2007-07-26 / Top News

New county artificial reef project hit by snags

Old Causeway roadbed crumbling before it's dumped into the Gulf
BY MICHELLE L. START Florida Weekly Correspondent

FLORIDA WEEKLY PHOTO Workers dump concrete pilings from the old Sanibel Causeway to form an artificial reef. FLORIDA WEEKLY PHOTO Workers dump concrete pilings from the old Sanibel Causeway to form an artificial reef. Lee County's newest artificial reef project is not going quite as well as hoped, said Chris Koepfer, a supervisor with Lee County Division of Natural Resources.

"We're tied up with the (Sanibel) Causeway right now. The contractor hired to do the demolition is having trouble breaking apart road sections into pieces we can use," he said. "The concrete is crumbling. We are getting a lot of rebar. Too much of it is being exposed, which causes a safety and entanglement issue."

Rebar is short for a reinforcing bar, which is commonly made out of steel and helps to support concrete and masonry structures.

Started in 1990, Lee County's natural resources artificial reef program deploys two to four structures a year. Thus far, one of the most successful has been the old Edison Bridge, where some 99 species of fish have been found since it was sunk 14 years ago.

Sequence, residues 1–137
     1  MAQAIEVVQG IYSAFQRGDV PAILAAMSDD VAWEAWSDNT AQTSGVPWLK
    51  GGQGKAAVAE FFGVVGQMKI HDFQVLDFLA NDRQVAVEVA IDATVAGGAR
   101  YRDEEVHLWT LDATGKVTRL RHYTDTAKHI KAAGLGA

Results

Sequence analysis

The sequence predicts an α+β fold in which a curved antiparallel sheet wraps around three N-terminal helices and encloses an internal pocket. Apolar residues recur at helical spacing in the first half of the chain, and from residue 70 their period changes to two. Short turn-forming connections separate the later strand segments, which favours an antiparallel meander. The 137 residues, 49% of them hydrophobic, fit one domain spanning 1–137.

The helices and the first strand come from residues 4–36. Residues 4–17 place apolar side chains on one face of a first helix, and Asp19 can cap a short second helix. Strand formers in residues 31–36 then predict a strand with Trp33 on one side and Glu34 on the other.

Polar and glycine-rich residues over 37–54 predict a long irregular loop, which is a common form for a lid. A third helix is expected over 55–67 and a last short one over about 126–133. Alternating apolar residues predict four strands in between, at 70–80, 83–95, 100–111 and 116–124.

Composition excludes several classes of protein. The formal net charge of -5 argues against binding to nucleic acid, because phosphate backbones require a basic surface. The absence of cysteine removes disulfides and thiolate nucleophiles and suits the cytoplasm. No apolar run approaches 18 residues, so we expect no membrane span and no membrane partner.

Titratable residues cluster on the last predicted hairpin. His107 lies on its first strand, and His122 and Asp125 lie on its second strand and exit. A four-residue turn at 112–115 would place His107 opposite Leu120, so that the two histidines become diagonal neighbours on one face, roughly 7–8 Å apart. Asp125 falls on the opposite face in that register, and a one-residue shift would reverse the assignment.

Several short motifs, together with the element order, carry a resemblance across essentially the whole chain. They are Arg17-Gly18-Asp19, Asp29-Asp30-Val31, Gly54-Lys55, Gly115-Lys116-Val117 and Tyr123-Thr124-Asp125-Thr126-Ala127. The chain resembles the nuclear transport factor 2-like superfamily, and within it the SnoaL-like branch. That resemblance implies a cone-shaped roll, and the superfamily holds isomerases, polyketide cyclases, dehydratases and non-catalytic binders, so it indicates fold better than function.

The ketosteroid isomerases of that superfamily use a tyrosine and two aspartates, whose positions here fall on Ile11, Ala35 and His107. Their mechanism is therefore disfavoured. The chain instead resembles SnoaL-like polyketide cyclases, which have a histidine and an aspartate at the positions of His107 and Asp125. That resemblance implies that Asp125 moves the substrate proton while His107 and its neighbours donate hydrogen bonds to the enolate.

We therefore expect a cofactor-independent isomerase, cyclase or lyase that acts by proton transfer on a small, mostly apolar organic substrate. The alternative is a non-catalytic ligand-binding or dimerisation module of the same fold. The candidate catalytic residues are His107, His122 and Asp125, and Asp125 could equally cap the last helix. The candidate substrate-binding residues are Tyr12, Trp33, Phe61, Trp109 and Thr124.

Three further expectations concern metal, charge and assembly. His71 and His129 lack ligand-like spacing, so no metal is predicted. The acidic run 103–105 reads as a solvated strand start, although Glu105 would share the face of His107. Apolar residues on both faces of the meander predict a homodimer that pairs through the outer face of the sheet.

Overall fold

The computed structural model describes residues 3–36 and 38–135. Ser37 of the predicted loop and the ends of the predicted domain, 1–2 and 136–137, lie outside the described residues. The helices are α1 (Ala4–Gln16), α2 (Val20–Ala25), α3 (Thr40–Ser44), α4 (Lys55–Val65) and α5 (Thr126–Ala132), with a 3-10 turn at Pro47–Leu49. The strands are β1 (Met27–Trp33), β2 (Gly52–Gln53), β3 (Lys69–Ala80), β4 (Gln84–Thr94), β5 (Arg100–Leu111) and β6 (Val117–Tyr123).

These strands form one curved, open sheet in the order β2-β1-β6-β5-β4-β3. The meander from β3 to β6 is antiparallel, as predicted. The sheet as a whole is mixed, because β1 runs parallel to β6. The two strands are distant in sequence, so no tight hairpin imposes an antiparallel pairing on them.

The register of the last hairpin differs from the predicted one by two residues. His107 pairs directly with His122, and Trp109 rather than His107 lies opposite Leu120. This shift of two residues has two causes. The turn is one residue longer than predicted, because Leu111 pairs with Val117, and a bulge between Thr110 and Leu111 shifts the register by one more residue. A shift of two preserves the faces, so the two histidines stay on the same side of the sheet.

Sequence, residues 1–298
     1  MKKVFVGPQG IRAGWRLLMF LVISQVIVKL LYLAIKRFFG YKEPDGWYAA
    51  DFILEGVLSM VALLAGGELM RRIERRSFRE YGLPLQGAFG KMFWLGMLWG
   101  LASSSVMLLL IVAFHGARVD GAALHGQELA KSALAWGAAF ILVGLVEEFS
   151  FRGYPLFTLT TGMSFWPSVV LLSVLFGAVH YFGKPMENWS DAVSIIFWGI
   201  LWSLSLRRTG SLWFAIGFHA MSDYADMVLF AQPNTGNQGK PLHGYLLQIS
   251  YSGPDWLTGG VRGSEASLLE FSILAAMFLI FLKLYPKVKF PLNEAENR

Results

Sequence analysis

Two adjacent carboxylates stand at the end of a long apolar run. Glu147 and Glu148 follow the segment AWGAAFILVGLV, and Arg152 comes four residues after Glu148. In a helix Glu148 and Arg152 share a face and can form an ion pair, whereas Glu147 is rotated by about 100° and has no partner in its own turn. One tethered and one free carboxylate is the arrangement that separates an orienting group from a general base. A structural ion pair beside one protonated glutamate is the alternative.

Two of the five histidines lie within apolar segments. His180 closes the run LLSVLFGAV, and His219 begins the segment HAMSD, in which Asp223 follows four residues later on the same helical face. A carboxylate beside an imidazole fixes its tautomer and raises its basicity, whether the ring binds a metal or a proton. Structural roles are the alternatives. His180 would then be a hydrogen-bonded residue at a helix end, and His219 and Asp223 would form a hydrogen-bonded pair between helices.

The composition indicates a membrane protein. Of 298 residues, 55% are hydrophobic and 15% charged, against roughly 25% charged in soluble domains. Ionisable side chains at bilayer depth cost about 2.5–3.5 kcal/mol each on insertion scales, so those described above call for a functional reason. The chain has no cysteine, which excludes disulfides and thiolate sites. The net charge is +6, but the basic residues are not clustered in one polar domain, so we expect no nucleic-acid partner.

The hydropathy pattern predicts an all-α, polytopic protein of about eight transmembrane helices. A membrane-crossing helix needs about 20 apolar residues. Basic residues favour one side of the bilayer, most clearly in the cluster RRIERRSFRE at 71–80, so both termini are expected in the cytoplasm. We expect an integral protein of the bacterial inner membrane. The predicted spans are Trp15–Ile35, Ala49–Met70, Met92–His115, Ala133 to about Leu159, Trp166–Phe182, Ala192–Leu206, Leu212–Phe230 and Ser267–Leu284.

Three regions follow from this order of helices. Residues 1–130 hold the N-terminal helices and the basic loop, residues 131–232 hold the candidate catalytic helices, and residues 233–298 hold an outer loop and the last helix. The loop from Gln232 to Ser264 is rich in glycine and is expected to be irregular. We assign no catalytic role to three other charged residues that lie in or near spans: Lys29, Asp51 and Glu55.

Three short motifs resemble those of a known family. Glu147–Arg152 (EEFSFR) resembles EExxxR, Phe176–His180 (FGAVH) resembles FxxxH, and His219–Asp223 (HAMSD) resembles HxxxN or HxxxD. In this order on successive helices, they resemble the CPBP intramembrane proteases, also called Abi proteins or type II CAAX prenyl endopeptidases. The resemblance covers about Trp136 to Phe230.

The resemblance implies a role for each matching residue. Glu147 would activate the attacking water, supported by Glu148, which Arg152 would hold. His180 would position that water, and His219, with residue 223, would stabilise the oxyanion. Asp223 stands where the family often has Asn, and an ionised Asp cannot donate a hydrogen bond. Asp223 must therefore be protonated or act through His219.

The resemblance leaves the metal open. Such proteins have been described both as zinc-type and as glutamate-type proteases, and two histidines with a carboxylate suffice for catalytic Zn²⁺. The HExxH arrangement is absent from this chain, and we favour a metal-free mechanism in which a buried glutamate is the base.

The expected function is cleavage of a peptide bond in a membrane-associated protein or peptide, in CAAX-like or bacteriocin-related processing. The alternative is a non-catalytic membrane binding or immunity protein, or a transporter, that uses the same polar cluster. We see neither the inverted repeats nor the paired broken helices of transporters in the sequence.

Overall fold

"That is a very, very diverse site," said Koepfer. "On any dive, you will see 30 to 40 species of fish out there. All of the nooks and crannies provide habitat for a larger variety of species."

Construction of the new causeway, to replace the one opened in 1963, began in 2004. As new spans are completed, the older ones are demolished. Some pilings from construction have already been sunk as part of the artificial reef project, but officials with Natural Resources were looking forward to sinking the road bed in hopes that it would prove to be as successful as the Edison Reef.

"We don't have any leverage. The contract is written saying that the contractor could use any or all of the material for an artificial reef. But, it doesn't require them to take it all offshore. Typically, it is cheaper for them that way because then they don't have to transport it over the road," Koepfer said. "It's disappointing. You never quite know how these things will work out. We just knew it would have made a very productive site, though. But, the project isn't over yet. The contractor just got started (on the demolition). I'm hoping, as he gets more experience, the parts will come apart better."

Jacobs Construction Services, Inc. is managing the bridge project but the demolition has been subcontracted out to a company called Testa Corp., which is based in Massachusetts. No one could be reached at Testa to comment.

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